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The First Gulag

Writers and reporters naturally reach for the strongest word—the most vivid, the most colorful, the one most likely to grab the eye. In the age of the sound-bite anything less may be overlooked. And some of the time this may be legitimate. But there are also words we are obliged to treat with special care. These are terms that carry such historical freight that reckless or frivolous use not only shows the superficiality of the writer, it disastrously debases their moral meaning and true significance.

One such word is ‘Holocaust’. Brendan O’Neill, deputy editor of the website Spiked, has written extensively about what he calls ‘Holocaust relativism’ and the cheapening of the term by all and sundry: those interested should hunt him up.

Another word is ‘Gulag’. Nowadays anyone coming across a system of detention they disapprove of is inclined to describe it in this way. Not long ago Abu Ghraib was supposed to be an “American Gulag”. The real Gulag was however a great deal worse than even the nastiest jail in Iraq. As Anne Applebaum states in her indispensable history of the Soviet camp system (Gulag: a History, 2003), during the many long years of their operation from 1923 the vast network of Russian labor camps may have cost around 2.7 million lives.

The best book to read on the matter is by Anne Applebaum. The best film or video introduction to the real Gulag I know of, as opposed to the notional ‘gulags’ floating around in the overheated minds of journalists, is a remarkable documentary film by Marina Goldovskaya, The Solovky Power.

The following article is about that film. With the title ‘Hollywood Meets the Zeks’ it appeared originally in the 2005 Summer web edition of The New Criterion.

The Solovky power

Made in 1987-88 when political controls were crumbling, providing a historical analysis of the origins of the Gulag in “the Solovky” (shorthand for the entire complex of penal institutions in the White Sea Solovetsky archipelago as a whole), The Solovky Power belongs to the extraordinarily small number of distinguished documentary films treating Soviet, rather than Nazi, concentration camps.

It is a work of considerable artistry. Serious documentarians drawn to this subject matter have had difficulty maintaining an aesthetic balance between outrage and art. Claude Lanzmann’s Shoah (1985) set a high and exacting standard, while some would say that the much earlier and admittedly very different Night and Fog, by Alain Resnais, leaned to overly poetic artifice. At all events it is in this elevated company that Goldovskaya’s The Solovky Power belongs—a film equal to its tragic subject that honors both the cinema and the dead.

In the chapter “The Archipelago Metastasizes” of The Gulag Archipelago Solzhenitsyn himself wondered ironically why, when “the peaked roofs of ugly camp watchtowers became the most dependable landmarks in our landscape… they were not seen in either the canvases of our artists or in scenes in our films”.

But of course we know perfectly well why no Soviet films contained a record of such things. The film director or artist who made a record of the watchtowers and barb wire would end up inside, and quickly too. Less clearly understood is the absence of almost any photographic evidence at all of a documentary kind about the Soviet camps, since we have all seen footage taken of Belsen and Buchenwald. Yet the reason is painfully simple: no victorious army ever smashed through the gates of Vorkuta, or into the Kolyma camps, or the Solovky itself, at the height of their operations, allowing photographers to expose their infamies to the world.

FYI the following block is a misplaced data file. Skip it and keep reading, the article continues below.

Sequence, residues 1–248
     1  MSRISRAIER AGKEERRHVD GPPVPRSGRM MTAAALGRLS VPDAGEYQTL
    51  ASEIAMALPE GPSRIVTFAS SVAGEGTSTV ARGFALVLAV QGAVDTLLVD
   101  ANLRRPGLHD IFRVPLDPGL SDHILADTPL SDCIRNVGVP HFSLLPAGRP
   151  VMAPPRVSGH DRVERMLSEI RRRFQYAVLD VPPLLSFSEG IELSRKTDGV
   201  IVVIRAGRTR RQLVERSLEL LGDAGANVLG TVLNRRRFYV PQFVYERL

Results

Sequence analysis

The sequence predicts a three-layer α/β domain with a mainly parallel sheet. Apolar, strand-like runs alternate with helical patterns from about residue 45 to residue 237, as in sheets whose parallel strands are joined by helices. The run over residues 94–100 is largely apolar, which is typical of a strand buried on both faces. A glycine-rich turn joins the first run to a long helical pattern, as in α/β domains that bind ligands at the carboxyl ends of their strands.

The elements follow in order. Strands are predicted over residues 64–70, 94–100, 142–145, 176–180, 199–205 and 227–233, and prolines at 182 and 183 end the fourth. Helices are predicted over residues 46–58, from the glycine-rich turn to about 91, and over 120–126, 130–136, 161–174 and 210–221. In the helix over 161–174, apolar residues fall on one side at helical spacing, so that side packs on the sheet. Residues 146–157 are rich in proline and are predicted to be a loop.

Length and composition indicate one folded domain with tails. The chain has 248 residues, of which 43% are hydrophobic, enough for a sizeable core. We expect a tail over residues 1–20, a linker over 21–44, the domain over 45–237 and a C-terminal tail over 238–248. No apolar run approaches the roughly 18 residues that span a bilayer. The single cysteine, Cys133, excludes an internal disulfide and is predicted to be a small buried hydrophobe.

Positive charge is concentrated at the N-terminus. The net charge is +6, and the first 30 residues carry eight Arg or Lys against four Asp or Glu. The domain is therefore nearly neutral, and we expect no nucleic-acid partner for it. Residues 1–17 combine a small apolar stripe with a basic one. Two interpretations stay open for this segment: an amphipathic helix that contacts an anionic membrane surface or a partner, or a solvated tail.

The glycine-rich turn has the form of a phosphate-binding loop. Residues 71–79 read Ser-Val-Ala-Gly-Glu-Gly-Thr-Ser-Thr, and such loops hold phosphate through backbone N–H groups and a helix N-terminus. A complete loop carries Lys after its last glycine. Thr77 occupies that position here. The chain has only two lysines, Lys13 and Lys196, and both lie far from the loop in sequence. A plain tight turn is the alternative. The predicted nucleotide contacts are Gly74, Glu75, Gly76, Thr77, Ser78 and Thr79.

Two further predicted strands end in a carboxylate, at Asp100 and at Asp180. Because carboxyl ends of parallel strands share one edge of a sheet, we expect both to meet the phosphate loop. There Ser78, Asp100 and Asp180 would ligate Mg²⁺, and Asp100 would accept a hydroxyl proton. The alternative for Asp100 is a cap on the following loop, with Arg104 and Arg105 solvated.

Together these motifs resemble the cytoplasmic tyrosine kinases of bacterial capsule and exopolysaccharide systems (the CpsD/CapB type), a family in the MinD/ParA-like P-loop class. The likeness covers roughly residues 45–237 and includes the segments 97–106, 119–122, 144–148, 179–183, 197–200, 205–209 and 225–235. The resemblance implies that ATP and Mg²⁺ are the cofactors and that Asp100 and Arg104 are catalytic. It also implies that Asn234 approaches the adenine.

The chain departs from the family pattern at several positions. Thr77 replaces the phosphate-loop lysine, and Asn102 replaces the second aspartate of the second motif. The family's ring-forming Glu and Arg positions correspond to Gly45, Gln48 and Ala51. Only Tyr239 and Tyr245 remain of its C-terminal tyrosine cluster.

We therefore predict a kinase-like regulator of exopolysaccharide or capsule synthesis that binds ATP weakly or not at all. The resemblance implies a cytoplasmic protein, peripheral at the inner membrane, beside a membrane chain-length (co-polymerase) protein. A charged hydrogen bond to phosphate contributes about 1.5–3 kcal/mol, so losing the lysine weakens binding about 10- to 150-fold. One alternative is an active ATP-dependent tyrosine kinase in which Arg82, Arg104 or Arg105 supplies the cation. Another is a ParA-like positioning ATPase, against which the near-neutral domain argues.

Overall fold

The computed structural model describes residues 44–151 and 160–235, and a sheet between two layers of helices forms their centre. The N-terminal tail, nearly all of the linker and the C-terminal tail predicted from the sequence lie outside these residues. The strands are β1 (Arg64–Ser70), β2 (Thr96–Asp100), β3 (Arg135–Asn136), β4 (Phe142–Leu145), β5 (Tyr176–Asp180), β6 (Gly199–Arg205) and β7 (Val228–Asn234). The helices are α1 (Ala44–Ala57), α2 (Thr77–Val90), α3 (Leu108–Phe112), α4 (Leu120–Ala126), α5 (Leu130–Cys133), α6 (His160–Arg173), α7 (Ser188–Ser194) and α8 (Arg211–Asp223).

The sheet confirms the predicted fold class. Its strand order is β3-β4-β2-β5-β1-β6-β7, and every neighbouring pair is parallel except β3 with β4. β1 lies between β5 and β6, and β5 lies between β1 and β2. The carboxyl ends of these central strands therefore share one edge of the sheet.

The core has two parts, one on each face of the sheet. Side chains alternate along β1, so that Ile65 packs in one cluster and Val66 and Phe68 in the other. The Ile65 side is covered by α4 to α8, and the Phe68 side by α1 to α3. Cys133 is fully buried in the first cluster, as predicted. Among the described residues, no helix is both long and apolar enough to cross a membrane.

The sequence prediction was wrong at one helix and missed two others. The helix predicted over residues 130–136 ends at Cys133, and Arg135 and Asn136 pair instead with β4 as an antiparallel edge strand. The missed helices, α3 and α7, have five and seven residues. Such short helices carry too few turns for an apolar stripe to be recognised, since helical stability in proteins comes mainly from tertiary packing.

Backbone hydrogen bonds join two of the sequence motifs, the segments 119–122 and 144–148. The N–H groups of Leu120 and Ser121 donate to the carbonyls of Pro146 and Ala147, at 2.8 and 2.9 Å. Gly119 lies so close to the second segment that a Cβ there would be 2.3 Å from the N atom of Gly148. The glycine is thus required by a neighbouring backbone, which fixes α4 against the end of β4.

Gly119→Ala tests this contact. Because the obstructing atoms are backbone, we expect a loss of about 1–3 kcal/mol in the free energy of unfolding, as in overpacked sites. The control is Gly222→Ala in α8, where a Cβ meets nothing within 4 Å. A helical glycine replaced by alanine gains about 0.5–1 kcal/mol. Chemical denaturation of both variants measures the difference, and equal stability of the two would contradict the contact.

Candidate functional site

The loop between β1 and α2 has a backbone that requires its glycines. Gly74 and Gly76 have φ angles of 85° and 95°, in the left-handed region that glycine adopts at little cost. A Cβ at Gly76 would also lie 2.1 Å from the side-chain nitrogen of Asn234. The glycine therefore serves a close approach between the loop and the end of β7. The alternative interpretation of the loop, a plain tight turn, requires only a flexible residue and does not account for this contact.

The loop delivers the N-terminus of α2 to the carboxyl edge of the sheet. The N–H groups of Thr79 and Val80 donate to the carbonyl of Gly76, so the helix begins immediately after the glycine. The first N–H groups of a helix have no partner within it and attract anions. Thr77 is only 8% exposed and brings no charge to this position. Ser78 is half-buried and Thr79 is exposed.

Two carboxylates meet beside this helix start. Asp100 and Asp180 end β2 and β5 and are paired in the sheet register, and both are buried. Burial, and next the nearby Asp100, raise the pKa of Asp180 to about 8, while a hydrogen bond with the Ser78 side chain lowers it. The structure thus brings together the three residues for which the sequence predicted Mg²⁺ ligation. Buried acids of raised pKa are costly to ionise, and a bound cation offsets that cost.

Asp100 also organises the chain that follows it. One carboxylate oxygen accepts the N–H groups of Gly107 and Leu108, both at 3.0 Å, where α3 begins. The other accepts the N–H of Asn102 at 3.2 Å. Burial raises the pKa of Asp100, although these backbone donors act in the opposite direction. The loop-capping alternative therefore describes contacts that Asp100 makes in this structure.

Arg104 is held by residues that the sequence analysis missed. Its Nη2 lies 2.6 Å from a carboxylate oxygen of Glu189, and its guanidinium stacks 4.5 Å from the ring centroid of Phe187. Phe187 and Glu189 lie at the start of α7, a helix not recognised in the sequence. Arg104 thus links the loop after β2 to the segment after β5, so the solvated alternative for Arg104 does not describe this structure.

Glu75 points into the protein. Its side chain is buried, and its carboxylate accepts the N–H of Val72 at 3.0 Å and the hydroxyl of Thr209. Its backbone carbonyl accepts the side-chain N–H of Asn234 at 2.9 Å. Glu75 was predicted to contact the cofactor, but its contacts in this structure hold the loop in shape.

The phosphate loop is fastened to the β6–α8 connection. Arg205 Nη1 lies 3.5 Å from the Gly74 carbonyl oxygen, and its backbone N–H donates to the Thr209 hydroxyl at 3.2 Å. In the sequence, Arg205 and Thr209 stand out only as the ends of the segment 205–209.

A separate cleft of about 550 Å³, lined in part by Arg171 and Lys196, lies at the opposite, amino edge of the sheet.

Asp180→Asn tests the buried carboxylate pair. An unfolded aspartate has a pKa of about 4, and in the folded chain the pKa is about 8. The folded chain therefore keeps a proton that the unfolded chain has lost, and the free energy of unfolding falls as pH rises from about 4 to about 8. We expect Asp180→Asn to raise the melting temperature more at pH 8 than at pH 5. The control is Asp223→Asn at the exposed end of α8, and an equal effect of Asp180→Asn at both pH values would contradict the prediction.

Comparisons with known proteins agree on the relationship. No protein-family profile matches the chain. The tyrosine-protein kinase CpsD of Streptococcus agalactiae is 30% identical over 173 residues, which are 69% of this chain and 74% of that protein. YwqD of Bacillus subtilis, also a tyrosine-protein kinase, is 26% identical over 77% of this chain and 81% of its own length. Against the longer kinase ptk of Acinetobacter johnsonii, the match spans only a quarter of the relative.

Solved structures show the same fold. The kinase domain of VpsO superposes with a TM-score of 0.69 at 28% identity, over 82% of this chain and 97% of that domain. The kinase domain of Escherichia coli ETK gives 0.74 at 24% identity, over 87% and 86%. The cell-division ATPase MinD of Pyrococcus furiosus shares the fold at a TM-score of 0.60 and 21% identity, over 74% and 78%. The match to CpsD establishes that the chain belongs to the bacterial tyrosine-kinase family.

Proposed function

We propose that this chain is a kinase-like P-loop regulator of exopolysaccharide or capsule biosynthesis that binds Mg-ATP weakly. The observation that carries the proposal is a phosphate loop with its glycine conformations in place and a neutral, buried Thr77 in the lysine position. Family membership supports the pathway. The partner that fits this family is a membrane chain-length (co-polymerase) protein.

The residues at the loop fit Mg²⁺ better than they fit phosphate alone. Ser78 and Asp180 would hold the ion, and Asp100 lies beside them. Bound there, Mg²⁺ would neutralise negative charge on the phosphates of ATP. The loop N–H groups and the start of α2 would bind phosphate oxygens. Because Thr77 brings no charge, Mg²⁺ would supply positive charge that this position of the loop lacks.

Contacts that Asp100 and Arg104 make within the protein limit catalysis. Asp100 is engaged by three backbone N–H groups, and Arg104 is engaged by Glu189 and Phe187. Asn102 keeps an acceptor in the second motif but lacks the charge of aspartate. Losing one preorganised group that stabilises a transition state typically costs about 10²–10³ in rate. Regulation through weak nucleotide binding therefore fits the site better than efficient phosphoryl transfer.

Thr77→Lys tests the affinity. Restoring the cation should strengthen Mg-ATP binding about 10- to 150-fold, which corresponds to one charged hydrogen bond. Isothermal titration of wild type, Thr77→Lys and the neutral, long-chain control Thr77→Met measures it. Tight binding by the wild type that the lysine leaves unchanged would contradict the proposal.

* * *

“With an iron fist we shall drive mankind to happiness”. Inspired by this slogan, the administrators of the Solovky organized the dispersed system of local camps, on separate islands, which provided the geographical basis for Sozhenitsyn’s “archipelago”. Those held there at first were quite a distinguished group. Discussing the composition of the prison population, Anne Applebaum says of the Gulag overall that “Even in 1938, the year the Great Terror raged among Moscow and Leningrad intellectuals, those with higher education in the camps still numbered only 1.1 percent while over half had primary education and a third were semiliterate.”

But it wasn’t like that on the Solovky in the early days, when a high proportion of those imprisoned were intellectuals charged under Article 58. The inmates ranged from engineers to theologians, from historians and economists to poets, writers, and playwrights. They included the archaeologist Nazimov, Father Pyotr of Voronezh, the poets Alexei Gastev and Nicolai Serov, and the renowned Pavel Florensky, religious philosopher, mathematician, and cultural historian.

Most of course were long dead by 1987, the year when Marina Goldovskaya was interviewing survivors; but two literate and articulate witnesses were still available, both of whom figure in Anne Applebaum’s history, and this makes a world of difference to a film in which spoken evidence is a vital resource. One of them was the respected and revered literary scholar Dmitri Likhachev. The other was Olga Adamova-Sliozberg, accused in 1936 of a conspiracy to kill Kaganovich, and ultimately forced to serve 20 years in “confinement and exile.”

At one point she was moved east to Magadan, and at a transit camp in Irkutsk there was a large mirror. Not since their arrest four years before had she and her fellow prisoners once seen their own reflections. They rushed to look. But at first she could find nothing there.